Thursday, May 22, 2008

Dog Days of an Abilene Summer

I sat at the kitchen table, staring at the brushed blue aluminum cup in front of me, waiting for the shot. I could taste the aluminum in my mouth when it came. The crack me me jump. I looked up at Paul.

"Was that it?"


"Maybe he missed."

"Nah, he don't miss."

"But it was just one shot!"

"That's all he needs."

I knew he was right but I held on to hope for a minute. Then I heard his footsteps on the back porch, the click of the breech of the rifle and the clink of the shell on the concrete. As he came in to put away the gun, I could smell the lingering odor of gunpowder drifting through the room. I didn't look up at him.

It was only just past six in the evening, but it had been a long day. Even then, the memory seems as it does now, faint and distant, as if seen through a long paper tube. I can see it and smell it but I have limited it to that tiny area for now forty-five years.

Allen Glenn was an attorney who had an office in town but whose home was out in the country. He and his wife 'Emo' (her nickname - I have no idea what her real name was) and their three children, Paul, Caroline and oh ack I can't recall the name of the youngest, a girl. Paul was my 'best' friend, even though we didn't see each other but on weekends, and not every weekend at that. His mother and my mother had become friends through their mutual involvement with the Abilene art scene, such as it was back in the late fifties and early sixties.

Emo was, like Lynda, a painter, struggling to find the inspiration as well as the resources to practice her art. Like Lynda, she was forced to paint in the kitchen, after all the dishes were done and children off to bed. Her work was figurative, and many of Lynda's early 'portraits' are reminiscent of Emo's work, though the two never painted together, as far as I can recall.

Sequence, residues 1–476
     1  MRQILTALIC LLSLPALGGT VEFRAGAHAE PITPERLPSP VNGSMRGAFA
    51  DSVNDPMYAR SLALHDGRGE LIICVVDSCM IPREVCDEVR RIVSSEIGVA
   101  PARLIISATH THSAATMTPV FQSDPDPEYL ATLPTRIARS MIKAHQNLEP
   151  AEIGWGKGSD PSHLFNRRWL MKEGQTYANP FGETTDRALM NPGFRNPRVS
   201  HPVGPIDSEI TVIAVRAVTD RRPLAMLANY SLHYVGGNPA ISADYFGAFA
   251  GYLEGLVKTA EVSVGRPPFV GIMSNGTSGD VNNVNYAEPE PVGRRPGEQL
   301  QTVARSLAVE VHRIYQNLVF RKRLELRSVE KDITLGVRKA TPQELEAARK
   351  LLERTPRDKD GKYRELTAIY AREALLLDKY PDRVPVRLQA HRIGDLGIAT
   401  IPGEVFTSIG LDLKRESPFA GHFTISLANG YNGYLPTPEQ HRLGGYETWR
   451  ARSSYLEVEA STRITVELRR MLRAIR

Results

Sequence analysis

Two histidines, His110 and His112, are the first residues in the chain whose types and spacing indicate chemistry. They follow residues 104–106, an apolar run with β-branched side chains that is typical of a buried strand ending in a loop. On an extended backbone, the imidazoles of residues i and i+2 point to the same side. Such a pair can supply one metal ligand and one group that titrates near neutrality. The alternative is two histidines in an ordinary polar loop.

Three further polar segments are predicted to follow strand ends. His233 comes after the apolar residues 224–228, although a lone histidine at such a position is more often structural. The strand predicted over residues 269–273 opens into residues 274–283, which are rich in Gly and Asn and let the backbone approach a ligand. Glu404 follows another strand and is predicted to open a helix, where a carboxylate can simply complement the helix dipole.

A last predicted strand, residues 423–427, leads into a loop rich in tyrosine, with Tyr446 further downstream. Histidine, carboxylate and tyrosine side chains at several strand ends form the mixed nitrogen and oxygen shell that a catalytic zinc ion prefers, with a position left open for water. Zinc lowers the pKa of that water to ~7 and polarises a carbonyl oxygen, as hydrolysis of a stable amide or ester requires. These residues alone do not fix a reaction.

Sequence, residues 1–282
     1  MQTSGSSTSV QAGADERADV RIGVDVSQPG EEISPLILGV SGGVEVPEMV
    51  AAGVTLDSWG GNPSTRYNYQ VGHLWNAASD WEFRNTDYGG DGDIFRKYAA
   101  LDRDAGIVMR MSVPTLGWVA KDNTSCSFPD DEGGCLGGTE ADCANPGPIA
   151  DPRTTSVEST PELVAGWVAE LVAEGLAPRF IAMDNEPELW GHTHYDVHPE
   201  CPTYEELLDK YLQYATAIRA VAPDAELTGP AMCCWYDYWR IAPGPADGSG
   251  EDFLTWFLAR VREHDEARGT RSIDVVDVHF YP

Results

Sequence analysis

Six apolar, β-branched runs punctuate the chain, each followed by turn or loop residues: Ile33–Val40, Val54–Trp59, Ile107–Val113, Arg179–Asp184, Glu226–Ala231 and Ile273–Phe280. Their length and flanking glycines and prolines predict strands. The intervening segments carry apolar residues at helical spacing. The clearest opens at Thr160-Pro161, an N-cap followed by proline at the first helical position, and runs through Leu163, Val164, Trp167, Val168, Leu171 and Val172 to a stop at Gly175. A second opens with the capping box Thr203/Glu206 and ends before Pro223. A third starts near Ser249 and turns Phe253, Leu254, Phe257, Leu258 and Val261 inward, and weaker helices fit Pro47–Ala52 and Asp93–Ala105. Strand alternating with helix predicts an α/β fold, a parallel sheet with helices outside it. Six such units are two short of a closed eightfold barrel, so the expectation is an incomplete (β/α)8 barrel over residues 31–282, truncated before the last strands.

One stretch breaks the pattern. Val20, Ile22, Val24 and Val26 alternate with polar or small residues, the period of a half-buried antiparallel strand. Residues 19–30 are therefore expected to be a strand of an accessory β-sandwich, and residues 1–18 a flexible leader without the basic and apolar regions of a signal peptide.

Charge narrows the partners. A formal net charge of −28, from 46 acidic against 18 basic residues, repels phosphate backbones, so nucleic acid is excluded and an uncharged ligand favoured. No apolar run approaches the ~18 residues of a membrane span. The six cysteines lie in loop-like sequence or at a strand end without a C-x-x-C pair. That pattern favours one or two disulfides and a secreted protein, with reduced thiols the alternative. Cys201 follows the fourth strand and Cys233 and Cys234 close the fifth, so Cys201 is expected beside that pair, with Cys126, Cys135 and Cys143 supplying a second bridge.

Emo had an infectious laugh and a positive spirit. In my mind, she was that sort of mid-fifties pioneer woman who represented a whole different culture than the one Lynda had come from in New York, yet the two had much in common and often spent time together talking while we played in the yard and had our many adventures out in the woods that surrounded the Glenn home.

These were some of the greatest times of my life, but they were not without difficulty. For one thing, it seemed that it was always up to me to invite myself over to the Glenn's house every weekend. Even though we had what seemed to me to be some wonderful times together, it never seemed to me like Paul valued our friendship in the same way that I did. I can still recall the anxiety that would well up in me every Friday as I anticipated the weekend. I was anxious because I knew it would be up to me to make a call if I wanted to see him that weekend. He would never call me. Sometimes, his mother would call, on his behalf, but I think it's just the way Lynda played it out for me. In fact she and Emo often made plans for a Saturday that would include 'getting the boys together' and some cocktails on the back porch in the afternoon. If no such plans were laid by Friday, if I wanted to see Paul, I had to call him and, in the spirit of fairness, invite him to come over to my house.